Prehistoric field system, cairnfield, round cairns and enclosed cremation cemetery on east slopes of Fredden Hill, 750m west of Wooler Common


Heritage Category: Scheduled Monument

List Entry Number: 1018375

Date first listed: 21-Jan-1999


Ordnance survey map of Prehistoric field system, cairnfield, round cairns and enclosed cremation cemetery on east slopes of Fredden Hill, 750m west of Wooler Common
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The building or site itself may lie within the boundary of more than one authority.

District: Northumberland (Unitary Authority)

Parish: Wooler


National Grid Reference: NT 96603 26570


Legacy Record - This information may be included in the List Entry Details.

Reasons for Designation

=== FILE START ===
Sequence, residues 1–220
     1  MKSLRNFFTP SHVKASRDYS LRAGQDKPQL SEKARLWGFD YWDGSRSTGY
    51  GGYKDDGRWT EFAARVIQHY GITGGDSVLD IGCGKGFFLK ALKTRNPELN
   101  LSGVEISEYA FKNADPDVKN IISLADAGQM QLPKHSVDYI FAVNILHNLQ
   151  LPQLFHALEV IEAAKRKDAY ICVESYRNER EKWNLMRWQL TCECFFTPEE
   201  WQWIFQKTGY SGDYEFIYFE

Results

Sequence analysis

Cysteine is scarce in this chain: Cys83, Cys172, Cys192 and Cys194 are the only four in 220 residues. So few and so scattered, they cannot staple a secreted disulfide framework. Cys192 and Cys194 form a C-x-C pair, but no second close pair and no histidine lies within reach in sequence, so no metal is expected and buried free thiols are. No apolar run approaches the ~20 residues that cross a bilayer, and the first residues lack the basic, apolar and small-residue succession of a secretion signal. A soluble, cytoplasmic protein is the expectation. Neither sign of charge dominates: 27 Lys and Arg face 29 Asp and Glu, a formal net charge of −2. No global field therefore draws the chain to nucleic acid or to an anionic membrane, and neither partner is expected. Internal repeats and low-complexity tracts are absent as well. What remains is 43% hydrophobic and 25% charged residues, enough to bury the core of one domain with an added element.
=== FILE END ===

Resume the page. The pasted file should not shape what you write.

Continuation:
Regular aggregate field systems date from the Bronze Age (2000-700 BC) to the end of the fifth century AD. They usually cover areas of up to 100ha and comprise a discrete block of fields orientated in roughly the same direction, with the field boundaries laid out along two axes set at right angles to one another. Individual fields generally fall within the 0.1ha-3.2ha range and can be square, rectangular, long and narrow, triangular or polygonal in shape. The field boundaries can take various forms (including drystone walls or reaves, orthostats, earth and rubble banks, pit alignments, ditches, fences and lynchets) and follow straight or sinuous courses. Component features common to most systems include entrances and trackways, and the settlements or farmsteads from which people utilised the fields over the years have been identified in some cases. These are usually situated close to or within the field system. The development of field systems is seen as a response to the competition for land which began during the later prehistoric period. The majority are thought to have been used mainly for crop production, evidenced by the common occurrence of lynchets resulting from frequent ploughing, although rotation may also have been practised in a mixed farming economy. Regular aggregate field systems occur widely and have been recorded in south western and south eastern England, East Anglia, Cheshire, Cumbria, Nottinghamshire, North and South Yorkshire and Durham. They represent a coherent economic unit often utilised for long periods of time and can thus provide important information about developments in agricultural practices in a particular location and broader patterns of social, cultural and environmental change over several centuries. Those which survive well and/or which can be positively linked to associated settlements are considered to merit protection.